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from Breakingviews:

RBS puts lipstick on Citizens for $14 bln IPO

By Antony Currie

The author is a Reuters Breakingviews columnist. The opinions expressed are his own. 

Royal Bank of Scotland is applying a fair amount of lipstick to its U.S. unit ahead of a planned initial public offering. Citizens Financial is worth up to $14 billion, based on the price range of $23 to $25 a share set on Sept. 8. Like the leaders of its home nation, RBS is painting too pretty a picture of life after independence.

The American bank earned $479 million in the first six months of the year, a third higher than the same period in 2013. That only equates to a return on tangible equity of 7.45 percent. Lenders generally only cover their cost of capital when returns breach 10 percent.

The IPO valuation assumes it should hit that pretty soon: at the top of the price range Citizens would be worth almost 1.1 times tangible book value. The bank even draws a map of how it expects to get there.

from Breakingviews:

Why Citigroup would be better in bits

By Rob Cox

The author is a Breakingviews columnist. The opinions expressed are his own. 

Nine years ago, Breakingviews proposed an “extreme idea” to Citigroup’s then-leader Charles Prince. The $240 billion New York bank’s market capitalization was lower than the worth of its parts valued separately. By splitting into three separate units, the idea was, Prince could hand shareholders an extra $50 billion or so, the equivalent of one entire U.S. Bancorp at the time.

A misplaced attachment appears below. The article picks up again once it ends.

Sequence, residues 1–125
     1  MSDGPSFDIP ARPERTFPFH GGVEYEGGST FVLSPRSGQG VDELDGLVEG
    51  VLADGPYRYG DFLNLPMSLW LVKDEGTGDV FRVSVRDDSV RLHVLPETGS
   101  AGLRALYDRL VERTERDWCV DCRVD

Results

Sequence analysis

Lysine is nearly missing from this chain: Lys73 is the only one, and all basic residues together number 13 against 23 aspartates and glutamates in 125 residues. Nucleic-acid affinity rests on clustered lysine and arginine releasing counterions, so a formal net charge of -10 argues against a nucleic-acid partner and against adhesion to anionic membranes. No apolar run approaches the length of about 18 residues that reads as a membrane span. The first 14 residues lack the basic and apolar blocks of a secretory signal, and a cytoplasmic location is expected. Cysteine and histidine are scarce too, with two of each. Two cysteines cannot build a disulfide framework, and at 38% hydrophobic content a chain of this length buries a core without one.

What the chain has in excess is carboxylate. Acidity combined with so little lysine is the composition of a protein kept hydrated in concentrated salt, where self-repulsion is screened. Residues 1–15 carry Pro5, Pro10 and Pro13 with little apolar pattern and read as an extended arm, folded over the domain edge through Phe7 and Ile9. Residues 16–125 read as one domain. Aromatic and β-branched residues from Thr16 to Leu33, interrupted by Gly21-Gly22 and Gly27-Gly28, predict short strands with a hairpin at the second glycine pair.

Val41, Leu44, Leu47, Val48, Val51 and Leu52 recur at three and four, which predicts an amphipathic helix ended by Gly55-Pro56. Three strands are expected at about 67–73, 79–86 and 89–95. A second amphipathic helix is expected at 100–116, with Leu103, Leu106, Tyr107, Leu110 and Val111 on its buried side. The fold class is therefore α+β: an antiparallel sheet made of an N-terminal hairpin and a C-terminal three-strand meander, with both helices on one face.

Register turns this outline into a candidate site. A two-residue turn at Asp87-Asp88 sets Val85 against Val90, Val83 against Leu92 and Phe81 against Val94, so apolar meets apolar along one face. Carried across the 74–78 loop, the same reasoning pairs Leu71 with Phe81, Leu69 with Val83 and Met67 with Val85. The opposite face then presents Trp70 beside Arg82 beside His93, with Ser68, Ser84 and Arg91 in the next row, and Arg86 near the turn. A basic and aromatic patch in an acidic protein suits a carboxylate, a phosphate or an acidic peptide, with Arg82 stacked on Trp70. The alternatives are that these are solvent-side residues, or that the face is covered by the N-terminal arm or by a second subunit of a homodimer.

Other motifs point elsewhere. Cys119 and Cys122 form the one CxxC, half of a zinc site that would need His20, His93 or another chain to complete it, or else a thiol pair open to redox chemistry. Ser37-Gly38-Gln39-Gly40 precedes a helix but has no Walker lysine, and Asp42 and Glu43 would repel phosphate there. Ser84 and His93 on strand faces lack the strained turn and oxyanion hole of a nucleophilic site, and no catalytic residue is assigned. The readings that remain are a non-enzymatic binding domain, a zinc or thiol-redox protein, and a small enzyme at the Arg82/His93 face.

As it turned out, Citi had bigger concerns ahead. The housing crash exposed spectacular losses, wiping out capital and necessitating a government bailout. Prince was sent dancing onto the golf course. With the crisis now fairly distant in the rear-view mirror, however, it’s time for current Chief Executive Michael Corbat to revisit the case for a breakup.

from Breakingviews:

Review: A pained call for radical financial reform

By Edward Hadas

The author is a Reuters Breakingviews columnist. The opinions expressed are her own.

Martin Wolf is still recovering from the financial crisis. In his new book, the Financial Times economics commentator admits to being surprised at the depth, breadth and length of the economic malaise which followed the near collapse of the global financial system in 2008.

from Breakingviews:

S&P 500 at 2,000 invites “new normal” thinking

By Martin Hutchinson

The author is a Reuters Breakingviews columnist. The opinions expressed are his own.

Beware new paradigms. The S&P 500 Index’s first trades above 2,000 on Monday invite the idea of a new normal in markets. The price-to-earnings ratio is under 20, only moderately above average, and interest rates remain low. But U.S. earnings are at a peak relative to GDP. Assume they adjust back to the long-term norm, and the stock benchmark would be a third lower.

from Breakingviews:

Ushering Eric Cantor to revolving door

By Rob Cox